22 September 2011

Uncertainty: The Elephant in the Room

Not long ago I was fortunate enough to have a conversation with two very fine gentlemen in the software business. They were part of an organization well-recognized for its leadership as a reseller and a developer providing an ERP (enterprise resource planning) solution for Tier 2 and upper-crust SMB firms.

As part of the conversation, I mentioned the fact that uncertainty is “the elephant in the room” throughout the IT (information technology) business.

Uncertainty - the elephant in the room

What I meant by that is this: while the sales process is underway, it all too frequently happens that the two parties have differing views of the uncertainty involved in any project that might be undertaken as a result of their conversation. While they hold these differing views, however, they almost never speak openly and explicitly about the uncertainty itself.

My experience shows me that these two parties hold views of the uncertainty that take shape somewhat along these lines:

  • The Client or, more correctly, at this stage in the process, “the prospect” may believe that there is very little uncertainty about which to be concerned. After all, he and his organization have tried to be forthcoming with the reseller. They have answered all the questions the resellers’ folks have raised from the first day they met, and they have done so as directly as possible.

    Because “the prospect” feels this way, the only “uncertainty” he may feel about any proposed agreement is whether the reseller is capable of delivering on all the promises he has made over the course of the negotiations.

    Also, since “the prospect” will hold the checkbook during the project execution, he feels pretty sure that he can force the reseller into assuming whatever uncertainty might remain in the anticipated project.
  • The Reseller has been through this many, many times. He is well aware that every project is full of uncertainty. A short list of the uncertainties in the reseller’s mind might look like this:
    • Have we asked enough questions?
    • Have we asked the right questions?
    • What don’t we know that we should know about this company and how it works?
    • Can the modifications we anticipate be completed in the time we have estimated?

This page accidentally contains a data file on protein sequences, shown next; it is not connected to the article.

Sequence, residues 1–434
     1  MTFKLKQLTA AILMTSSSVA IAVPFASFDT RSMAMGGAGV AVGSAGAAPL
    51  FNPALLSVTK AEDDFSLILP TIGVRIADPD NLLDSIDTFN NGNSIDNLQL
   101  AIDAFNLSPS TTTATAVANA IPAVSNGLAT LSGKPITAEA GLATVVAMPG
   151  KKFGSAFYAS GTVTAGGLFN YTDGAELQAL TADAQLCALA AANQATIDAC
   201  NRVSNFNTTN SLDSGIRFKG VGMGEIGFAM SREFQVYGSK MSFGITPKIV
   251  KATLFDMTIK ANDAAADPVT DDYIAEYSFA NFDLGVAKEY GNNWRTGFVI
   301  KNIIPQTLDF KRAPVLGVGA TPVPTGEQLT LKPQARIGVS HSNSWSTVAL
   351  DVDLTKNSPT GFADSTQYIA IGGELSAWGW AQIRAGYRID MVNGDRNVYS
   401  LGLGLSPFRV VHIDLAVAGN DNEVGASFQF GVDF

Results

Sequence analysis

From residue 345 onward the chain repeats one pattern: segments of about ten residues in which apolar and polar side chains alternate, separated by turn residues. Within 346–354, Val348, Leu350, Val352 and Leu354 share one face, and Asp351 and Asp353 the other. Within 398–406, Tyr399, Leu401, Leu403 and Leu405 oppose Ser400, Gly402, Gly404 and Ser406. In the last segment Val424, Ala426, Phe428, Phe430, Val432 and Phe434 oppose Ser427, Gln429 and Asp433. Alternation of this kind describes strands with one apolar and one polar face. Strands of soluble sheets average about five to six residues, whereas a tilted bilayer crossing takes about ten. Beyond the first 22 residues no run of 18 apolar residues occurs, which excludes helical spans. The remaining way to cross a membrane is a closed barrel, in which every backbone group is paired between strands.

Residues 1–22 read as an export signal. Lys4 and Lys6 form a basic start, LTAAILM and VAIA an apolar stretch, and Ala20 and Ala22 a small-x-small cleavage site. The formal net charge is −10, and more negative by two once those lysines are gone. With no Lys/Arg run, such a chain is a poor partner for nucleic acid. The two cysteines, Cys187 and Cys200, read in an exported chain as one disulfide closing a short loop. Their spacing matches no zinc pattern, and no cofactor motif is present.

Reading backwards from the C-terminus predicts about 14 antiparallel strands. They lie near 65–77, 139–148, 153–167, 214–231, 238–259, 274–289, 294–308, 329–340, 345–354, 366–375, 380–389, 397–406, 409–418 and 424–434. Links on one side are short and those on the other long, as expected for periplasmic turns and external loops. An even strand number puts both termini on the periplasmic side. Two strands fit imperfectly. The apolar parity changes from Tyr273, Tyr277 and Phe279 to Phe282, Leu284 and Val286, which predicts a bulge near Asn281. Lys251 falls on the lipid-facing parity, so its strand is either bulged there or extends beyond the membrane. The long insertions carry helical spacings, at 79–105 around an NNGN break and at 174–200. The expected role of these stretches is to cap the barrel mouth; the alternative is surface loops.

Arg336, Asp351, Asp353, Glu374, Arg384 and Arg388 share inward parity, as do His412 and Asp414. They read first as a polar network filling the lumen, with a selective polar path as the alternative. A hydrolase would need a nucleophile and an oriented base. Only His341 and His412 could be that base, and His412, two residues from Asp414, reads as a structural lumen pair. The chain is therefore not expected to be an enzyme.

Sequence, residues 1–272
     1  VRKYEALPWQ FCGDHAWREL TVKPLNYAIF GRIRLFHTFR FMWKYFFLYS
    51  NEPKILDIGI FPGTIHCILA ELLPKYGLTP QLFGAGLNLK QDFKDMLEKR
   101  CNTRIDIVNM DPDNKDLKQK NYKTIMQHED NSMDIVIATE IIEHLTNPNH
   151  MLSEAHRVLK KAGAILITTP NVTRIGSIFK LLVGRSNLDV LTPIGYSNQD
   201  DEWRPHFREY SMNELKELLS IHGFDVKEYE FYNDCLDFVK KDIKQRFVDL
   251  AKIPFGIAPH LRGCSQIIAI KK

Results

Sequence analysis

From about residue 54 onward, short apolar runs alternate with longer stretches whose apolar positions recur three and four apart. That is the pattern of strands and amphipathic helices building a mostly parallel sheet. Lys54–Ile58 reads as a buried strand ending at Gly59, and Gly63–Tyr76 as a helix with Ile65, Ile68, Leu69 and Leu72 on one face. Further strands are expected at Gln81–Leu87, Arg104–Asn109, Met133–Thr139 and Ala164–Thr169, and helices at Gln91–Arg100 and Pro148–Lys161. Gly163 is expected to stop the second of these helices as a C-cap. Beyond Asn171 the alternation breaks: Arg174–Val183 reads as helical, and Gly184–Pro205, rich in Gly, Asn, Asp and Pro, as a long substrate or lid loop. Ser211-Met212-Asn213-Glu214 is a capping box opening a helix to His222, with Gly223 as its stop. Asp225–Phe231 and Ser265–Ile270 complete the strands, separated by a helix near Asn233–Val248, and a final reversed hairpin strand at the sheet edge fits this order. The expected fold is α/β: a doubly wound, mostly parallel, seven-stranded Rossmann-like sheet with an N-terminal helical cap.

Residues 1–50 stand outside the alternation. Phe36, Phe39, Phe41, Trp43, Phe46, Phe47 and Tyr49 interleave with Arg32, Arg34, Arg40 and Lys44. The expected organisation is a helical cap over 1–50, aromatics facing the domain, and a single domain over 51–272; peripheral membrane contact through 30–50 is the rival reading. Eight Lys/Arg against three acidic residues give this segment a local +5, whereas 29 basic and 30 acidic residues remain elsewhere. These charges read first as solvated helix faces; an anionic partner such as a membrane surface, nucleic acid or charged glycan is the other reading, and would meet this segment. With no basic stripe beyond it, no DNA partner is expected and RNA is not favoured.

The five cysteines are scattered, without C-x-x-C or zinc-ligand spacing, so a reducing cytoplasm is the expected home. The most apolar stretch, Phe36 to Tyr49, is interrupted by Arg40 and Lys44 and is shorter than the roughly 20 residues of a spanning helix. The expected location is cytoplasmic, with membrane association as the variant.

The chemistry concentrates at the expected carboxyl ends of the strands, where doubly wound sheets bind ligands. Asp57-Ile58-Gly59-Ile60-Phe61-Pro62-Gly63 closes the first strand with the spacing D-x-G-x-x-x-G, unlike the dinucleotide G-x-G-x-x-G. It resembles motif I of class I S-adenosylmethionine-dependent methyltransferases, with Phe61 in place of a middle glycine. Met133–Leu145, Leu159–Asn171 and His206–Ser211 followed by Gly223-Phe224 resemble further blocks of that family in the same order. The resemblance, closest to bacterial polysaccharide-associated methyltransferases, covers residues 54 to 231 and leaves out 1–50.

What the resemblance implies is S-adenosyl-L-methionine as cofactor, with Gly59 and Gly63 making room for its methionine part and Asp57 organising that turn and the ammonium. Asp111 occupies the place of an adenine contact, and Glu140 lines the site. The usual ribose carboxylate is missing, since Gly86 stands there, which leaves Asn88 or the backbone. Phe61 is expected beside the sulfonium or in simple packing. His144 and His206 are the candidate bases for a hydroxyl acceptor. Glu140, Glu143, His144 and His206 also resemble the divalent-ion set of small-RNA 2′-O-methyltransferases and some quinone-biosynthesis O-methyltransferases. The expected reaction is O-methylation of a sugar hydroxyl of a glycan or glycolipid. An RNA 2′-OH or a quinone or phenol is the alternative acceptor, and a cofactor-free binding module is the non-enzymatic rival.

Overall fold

• Will the prospect’s company allow this project to proceed in the time we have estimated, or will their inefficiencies, indecision or other operational problems cause us to incur unanticipated time and expenses?

Accidentally induced uncertainties

W. Edwards Deming once summed up very succinctly the uncertainty included in all human communications. Following a meeting between two parties, as one party was exiting the room, Deming turned to the manager he was consulting and said, “We know what we told him, but we don’t know what he heard.”

Communications between two human beings are full of such foibles. The fact that the reseller’s salesperson does not believe that he has made any “promises” upon which the reseller cannot readily deliver does not mean that the prospect has not heard “promises” that are very different from what was intended by the salesperson.

Under such circumstances, there is—more likely than not—no intention by the reseller’s sales team to mislead the prospect. Neither, most likely, is there any intent by the prospect (now, client) to somehow misconstrue what was said in order to take undue advantage of the reseller.

Nevertheless, such accidentally induced uncertainties too frequently lead to cost overruns, hard feelings between the reseller and the client, and—sometimes—even to failed projects.

Why don’t we talk about it?

My question is simple: When it comes to IT projects (or any kind of projects, for that matter), and whether it is a relationship between an external IT provider or an internal customer relationship, why do we so often ignore “the elephant in the room”?

Why are both the customer and the supplier both so reluctant to speak explicitly about the uncertainties that almost inevitably affect a project of any significance or size?

Let me know your thoughts. Thanks.

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